By Ng Wei Li:
Technological advances have always caused upheavals. This is an undeniable truth of human history.
The creation of the printing press revolutionised the way information was disseminated and paved the path for the Reformation. Henry Ford’s assembly line threw open the gates for mass production and ended the days of the small shop. And now, the digital revolution is poised to revolutionise the global economic landscape as much as the Industrial Revolution had, if not more.
With the rate technology is advancing, palpable paranoia surrounds the global job market. With so many duties digitised and automated and so many roles rendered obsolete by technology – how secure is anyone’s job?
Technological encroachment is already underway. Nearly half of the existing jobs are expected to receive an automaton replacement, according to a 2013 American study.
Self-driving transportation, the new obsession of Silicon Valley companies like Google and Uber, will edge out the need for taxi drivers, chauffeurs, and truck drivers. Internet-automated administration tasks may have made the life of an office administration assistant easier – until it put him out of the job. Labour markets will suffer most with simple tasks being easily programmable.
The internet has also made it possible to do much more with infinitely less manpower. At its peak, the imaging company Kodak hired 100,000 people. In comparison, Instagram achieved its current position as the dominant photo-sharing platform with only a staff of 13.
Despite this, job prospects for the future are not completely doomed. The advantage humans have over well-programmed automatons is their endless capacity to learn and adapt. And until Artificial Intelligences are able to consistently pass the Turing test, that is the advantage that humans will keep.
The key to surviving in a fast-changing job market is to keep learning. Never in history has it been easier to learn a new skill or a new trade. Open-learning platforms like Udemy and edX offer free classes online, teaching everything from the history of the book to Java programming. Current employers demonstrate a high preference for workers with programming knowledge. So learning coding online would not be amiss in ensuring further job security.
What this means is that the skilled workers require continual education complementing Silicon Valley’s interests to thrive. But the less competitive may always rely on social skills and specialisation to retain jobs that automated tech would never be expected to replace.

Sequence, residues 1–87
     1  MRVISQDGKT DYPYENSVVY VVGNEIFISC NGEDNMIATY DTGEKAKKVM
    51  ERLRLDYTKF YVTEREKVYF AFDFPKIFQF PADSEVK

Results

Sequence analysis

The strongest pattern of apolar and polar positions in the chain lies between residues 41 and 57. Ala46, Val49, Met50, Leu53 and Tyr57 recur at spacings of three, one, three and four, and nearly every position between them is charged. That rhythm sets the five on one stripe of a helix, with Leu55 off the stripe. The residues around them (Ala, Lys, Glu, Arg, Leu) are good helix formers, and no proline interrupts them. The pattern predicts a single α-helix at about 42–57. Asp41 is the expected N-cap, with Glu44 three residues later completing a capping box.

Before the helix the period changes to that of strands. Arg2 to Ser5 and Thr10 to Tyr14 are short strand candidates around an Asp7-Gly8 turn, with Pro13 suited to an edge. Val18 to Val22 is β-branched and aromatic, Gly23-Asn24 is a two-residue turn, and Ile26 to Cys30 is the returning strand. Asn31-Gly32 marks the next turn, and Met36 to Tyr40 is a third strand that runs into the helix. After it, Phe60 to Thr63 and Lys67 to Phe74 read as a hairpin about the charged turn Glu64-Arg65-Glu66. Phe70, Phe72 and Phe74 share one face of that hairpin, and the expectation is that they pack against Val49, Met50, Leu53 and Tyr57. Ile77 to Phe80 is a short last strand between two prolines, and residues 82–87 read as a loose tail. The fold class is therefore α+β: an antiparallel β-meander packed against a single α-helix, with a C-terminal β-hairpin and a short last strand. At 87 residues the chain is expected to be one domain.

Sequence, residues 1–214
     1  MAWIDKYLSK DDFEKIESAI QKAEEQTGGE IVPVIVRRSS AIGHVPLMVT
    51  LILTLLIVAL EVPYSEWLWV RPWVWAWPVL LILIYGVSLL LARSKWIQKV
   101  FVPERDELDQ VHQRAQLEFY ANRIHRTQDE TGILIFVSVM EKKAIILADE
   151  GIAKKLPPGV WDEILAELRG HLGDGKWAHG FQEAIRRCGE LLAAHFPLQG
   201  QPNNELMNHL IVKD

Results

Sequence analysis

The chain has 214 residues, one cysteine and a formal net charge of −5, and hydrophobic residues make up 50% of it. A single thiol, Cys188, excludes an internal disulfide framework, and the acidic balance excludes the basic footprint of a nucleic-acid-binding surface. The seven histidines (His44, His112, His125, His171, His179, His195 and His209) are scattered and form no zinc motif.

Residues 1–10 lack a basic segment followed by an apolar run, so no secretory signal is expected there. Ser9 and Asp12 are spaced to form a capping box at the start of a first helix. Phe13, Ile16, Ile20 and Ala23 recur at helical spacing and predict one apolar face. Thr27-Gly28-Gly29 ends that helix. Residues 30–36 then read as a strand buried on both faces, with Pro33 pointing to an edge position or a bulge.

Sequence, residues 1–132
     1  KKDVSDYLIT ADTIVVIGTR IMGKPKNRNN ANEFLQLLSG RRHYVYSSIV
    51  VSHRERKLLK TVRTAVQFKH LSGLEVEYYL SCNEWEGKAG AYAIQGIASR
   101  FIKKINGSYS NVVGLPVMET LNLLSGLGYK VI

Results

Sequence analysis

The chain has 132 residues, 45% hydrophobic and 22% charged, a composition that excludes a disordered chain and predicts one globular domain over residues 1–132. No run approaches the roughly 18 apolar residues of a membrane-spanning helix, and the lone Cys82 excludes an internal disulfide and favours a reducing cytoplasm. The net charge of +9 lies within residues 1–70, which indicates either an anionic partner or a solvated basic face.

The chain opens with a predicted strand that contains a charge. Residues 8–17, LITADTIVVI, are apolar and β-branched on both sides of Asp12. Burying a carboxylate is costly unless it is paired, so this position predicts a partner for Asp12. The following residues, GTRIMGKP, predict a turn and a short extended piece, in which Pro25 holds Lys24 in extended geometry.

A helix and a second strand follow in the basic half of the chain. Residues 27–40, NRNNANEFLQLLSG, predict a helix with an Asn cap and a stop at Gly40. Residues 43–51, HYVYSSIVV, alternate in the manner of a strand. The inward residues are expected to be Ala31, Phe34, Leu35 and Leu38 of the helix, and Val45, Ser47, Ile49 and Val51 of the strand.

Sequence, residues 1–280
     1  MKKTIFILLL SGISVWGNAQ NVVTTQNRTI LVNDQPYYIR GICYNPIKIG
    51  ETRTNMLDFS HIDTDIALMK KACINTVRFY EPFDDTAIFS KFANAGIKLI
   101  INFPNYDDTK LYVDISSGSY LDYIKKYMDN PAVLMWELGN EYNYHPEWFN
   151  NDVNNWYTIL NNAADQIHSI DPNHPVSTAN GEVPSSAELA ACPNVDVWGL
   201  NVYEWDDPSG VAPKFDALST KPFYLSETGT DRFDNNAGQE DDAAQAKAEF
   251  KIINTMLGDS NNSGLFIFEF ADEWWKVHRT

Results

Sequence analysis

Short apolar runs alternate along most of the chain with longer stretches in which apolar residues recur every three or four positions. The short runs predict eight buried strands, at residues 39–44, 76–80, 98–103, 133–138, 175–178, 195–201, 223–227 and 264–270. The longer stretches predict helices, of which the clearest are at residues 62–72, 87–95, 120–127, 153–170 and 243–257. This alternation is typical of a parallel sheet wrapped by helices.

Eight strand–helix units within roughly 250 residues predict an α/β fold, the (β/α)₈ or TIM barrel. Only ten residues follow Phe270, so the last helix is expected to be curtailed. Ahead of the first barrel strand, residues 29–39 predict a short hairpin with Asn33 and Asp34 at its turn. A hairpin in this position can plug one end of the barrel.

Many sites have predicted professions that will see the largest growth in the coming decade. A brief glance at these lists reveals a demand for more medical practitioners, software developers, and highly-skilled specialists like engineers and accountants. A Bachelor’s degree is a minimum requirement for jobs such as these.
But there is also a call for daycare providers, elder care specialists and social services coordinators. Regardless of progress, technological or otherwise, human empathy is valuable. It is not something that technology can replicate.
Professions under the fields of humanities and arts also suffer no threat from the technological revolution. Automatons are far from replacing artists, writers or actors. Jobs in the arts sector are competitive to begin with. They are also the ones that parents dissuade their children from pursuing. How ironic is it that these same professions are safe from machines!
The truth is that technology is advancing and changing the previously established order at a rate which the world beyond Silicon Valley finds it difficult to keep up with.
This is reflected in the contemporary anxiety over the future of the job market. New technology has always opened avenues to new types of professions. The introduction of electric lamps made lamplighters obsolete in the 20th century. At the same time, the use of electricity opened up the doors for other professions such as camera technicians and switchboard operators.
Similarly, plenty of high-paying jobs today did not exist thirty years ago, like SEO specialists, bloggers, and Zumba instructors. Economic pessimism only makes sense if the focus remains exclusively on an older template of the job market, instead of looking forward to the new opportunities opening up.
The caveat now is that job-seekers will have to employ creative thinking. It’s better to ‘invent’ a job, rather than find one as traditional careers keep disappearing. “Today because knowledge is available on every Internet-connected device, what you know matters far less than what you can do with what you know. The capacity to innovate and skills like critical thinking, communication and collaboration are far more important than academic knowledge,” says Tony Wagner, the Harvard education specialist.
Anxiety is the expected outcome to any sort of change. The lamplighters of the 20th century feared for job security as well. Instead of holding on valiantly to their older professions, they should have sought newer ones.
Technological advances and efficient automatons will make for some ‘uncomfortable shifting’ in the existing job markets. Many old professions will die out. However, jobs will always be up for grabs – provided that job seekers are willing to keep learning, be creative, and hang on to their empathy.
The author works with the iPrice group, a meta-search engine in Malaysia, Singapore, Indonesia, Hong Kong, Thailand, Vietnam and the Philippines.